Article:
April 13, 2015; Washington Post

Senator Marco Rubio seems and feels young to be running for president, especially since another, more senior member of his party hailing from Florida politics, former governor Jeb Bush, appears all destined to make a run himself. But Rubio is off to the races, regardless of the likely presence of another Floridian.

Like many politicians of both parties, Rubio’s enthusiastic supporters include some with philanthropic ties. One of his most enthusiastic and moneyed backers is billionaire car dealer Norman Braman. Sports fans know Braman as a former owner of the Philadelphia Eagles in the NFL, with fan memories including his “I own you” statement to holdout player Keith Jackson, his contention that he didn’t make any money off the Eagles when statistics showed it to be the NFL’s most profitable franchise, and as a Floridian taxpayer his opposition to public subsidies for the Miami Dolphins stadium—and yes, fans, he was the Eagles owner when the team parted with Hall of Fame defensive end Reggie White.

Forbes ranks the octogenarian Braman as the 351st-wealthiest person in the U.S., with a net worth of some $1.89 billion and fame for owning the largest private collection of Alexander Calder artworks apparently anywhere. With that kind of money in his coffers, Braman is also a philanthropist. The striking thing about his family foundation—the Braman Family 2011 Charitable Foundation—is that on the Foundation Directory’s profile of the foundation, the listed contact person is Jeanette Rubio, with an email address of “jdrubioconsulting.” The Washington Post reports that not only is Braman a financial backer of Senator Rubio’s presidential aspirations, but the Braman foundation has hired Rubio’s wife as a part-time employee to “help…the family determine how to donate millions of dollars to nonprofits and charities.” Rubio’s Senate financial disclosure statements identify him as the president of Rubio Consulting and the principal in Marco Rubio, P.A., where one of his clients was Braman Management.

If the Braman family is distributing many millions, it isn’t necessarily through the family foundation (or through the Irma and Norman Braman Art Foundation, which appears to be an operating foundation). The grants payouts of the foundation, according to the Form 990PFs, look as follows:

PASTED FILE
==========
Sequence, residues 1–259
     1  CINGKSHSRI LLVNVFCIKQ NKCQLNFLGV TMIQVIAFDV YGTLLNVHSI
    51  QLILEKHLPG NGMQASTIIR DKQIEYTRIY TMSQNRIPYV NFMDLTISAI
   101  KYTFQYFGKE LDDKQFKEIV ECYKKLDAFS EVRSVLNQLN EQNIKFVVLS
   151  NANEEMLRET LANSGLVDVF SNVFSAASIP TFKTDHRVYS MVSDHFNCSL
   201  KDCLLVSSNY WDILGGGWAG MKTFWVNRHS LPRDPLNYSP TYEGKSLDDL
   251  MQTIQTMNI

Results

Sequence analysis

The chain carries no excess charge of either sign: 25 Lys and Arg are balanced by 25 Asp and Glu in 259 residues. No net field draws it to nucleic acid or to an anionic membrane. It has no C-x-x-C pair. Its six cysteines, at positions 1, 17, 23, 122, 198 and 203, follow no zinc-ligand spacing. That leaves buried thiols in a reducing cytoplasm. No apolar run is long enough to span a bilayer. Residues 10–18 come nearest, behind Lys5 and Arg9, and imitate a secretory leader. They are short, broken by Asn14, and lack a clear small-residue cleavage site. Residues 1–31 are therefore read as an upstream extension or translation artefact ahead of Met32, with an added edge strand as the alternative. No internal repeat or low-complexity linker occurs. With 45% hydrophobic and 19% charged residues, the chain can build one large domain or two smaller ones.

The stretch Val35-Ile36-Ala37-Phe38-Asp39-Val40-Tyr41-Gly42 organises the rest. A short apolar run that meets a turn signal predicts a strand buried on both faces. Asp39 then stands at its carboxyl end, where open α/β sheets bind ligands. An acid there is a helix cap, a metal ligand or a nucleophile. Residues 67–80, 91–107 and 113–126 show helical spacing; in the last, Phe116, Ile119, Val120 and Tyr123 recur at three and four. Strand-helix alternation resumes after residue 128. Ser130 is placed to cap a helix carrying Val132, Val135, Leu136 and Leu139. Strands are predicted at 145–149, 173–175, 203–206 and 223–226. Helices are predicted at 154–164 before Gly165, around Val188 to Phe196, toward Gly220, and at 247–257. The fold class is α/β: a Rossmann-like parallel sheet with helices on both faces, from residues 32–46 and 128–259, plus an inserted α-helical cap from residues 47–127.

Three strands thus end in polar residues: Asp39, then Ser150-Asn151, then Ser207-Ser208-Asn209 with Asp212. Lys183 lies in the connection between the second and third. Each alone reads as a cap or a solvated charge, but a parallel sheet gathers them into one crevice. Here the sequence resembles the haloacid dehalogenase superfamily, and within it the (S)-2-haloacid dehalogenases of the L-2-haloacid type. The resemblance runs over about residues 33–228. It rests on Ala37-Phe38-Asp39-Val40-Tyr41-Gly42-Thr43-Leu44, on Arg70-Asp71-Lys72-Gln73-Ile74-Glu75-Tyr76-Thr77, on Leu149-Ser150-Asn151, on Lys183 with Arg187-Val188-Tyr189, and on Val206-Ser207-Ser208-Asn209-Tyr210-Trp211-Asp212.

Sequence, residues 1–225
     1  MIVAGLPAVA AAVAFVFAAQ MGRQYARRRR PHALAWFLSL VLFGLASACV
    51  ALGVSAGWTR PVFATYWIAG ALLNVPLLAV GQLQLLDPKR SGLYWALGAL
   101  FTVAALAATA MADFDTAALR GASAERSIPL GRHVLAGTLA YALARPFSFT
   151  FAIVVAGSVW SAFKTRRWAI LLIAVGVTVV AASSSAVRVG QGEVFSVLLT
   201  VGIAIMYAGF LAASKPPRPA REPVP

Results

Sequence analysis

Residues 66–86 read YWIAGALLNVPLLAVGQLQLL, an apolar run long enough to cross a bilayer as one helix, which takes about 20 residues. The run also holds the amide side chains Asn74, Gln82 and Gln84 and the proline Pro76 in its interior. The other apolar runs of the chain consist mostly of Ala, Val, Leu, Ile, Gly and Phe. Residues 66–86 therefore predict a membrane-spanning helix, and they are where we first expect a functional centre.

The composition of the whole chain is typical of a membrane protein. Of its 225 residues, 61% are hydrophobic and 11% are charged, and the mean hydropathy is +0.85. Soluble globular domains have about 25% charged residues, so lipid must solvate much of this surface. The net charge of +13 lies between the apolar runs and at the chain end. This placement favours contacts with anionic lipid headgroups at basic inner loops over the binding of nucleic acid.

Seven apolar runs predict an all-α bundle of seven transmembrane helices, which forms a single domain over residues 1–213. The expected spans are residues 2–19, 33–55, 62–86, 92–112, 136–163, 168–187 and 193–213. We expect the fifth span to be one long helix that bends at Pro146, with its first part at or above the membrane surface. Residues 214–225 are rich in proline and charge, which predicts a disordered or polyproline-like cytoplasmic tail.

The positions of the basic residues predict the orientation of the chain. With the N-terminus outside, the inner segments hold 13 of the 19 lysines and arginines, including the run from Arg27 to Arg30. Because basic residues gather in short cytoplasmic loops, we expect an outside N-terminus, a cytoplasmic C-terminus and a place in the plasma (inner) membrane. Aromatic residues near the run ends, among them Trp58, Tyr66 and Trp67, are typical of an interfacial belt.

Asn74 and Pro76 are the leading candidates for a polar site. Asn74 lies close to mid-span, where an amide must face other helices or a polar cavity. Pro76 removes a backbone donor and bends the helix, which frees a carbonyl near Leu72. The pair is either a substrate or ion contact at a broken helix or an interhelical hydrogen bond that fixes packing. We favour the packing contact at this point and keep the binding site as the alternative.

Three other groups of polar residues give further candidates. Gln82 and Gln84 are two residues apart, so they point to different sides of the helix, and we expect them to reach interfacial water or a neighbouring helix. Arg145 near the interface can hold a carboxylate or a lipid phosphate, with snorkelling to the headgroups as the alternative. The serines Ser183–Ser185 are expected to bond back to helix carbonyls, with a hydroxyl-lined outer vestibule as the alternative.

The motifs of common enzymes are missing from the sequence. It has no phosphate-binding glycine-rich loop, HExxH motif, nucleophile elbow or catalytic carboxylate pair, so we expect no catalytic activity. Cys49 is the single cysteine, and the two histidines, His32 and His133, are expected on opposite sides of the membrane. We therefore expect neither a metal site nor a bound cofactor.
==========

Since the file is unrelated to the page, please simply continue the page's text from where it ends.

Calendar Year

Family Foundation End of Year Assets (book value)

Family Foundation Grants Payout

Largest Grant Recipients Listed on 990s

Additional Noteworthy Grants




Breast Cancer Research Foundation ($250)




American Friends of Jordan River Village ($180,000); MDC Foundation ($105,000); Jewish Community Services of South Florida ($50,000); Camillus House ($50,000)

The Jordan River Village is one of a network of free sleep-away camps for seriously ill children, founded a quarter-century ago by actor Paul Newman.




Greater Miami Jewish Federation ($550,000); Temple Beth Shalom in Miami Beach ($250,000); the Cleveland Orchestra ($100,000); University of Miami ($67,857); American Friends of Israel Museum ($50,000)

Small grants for organizations serving persons with disabilities (American Friends of Beit Issie Shapiro, Best Buddies) and for troubled youth or youth with health needs (City Year, Kristi House, etc.).

Reports had Braman likely to commit as much as $10 million to pro-Rubio PACs in the event of the senator’s official candidacy.

The importance of Braman should not be underestimated. In the likelihood of several Republican gladiators for the presidential nomination, including Rand Paul, Ted Cruz, Jeb Bush, Bobby Jindal, Chris Christie, Lindsey Graham, and others, Braman’s dollars could keep an otherwise outpolled Rubio in the race, much like Sheldon Adelson did for Newt Gingrich and Foster Friess did for Rick Santorum last time around. Like Adelson and Friess, Braman plays two positions—campaign financier and philanthropic donor. He won’t be the only one in the 2016 presidential primary scrum.—Rick Cohen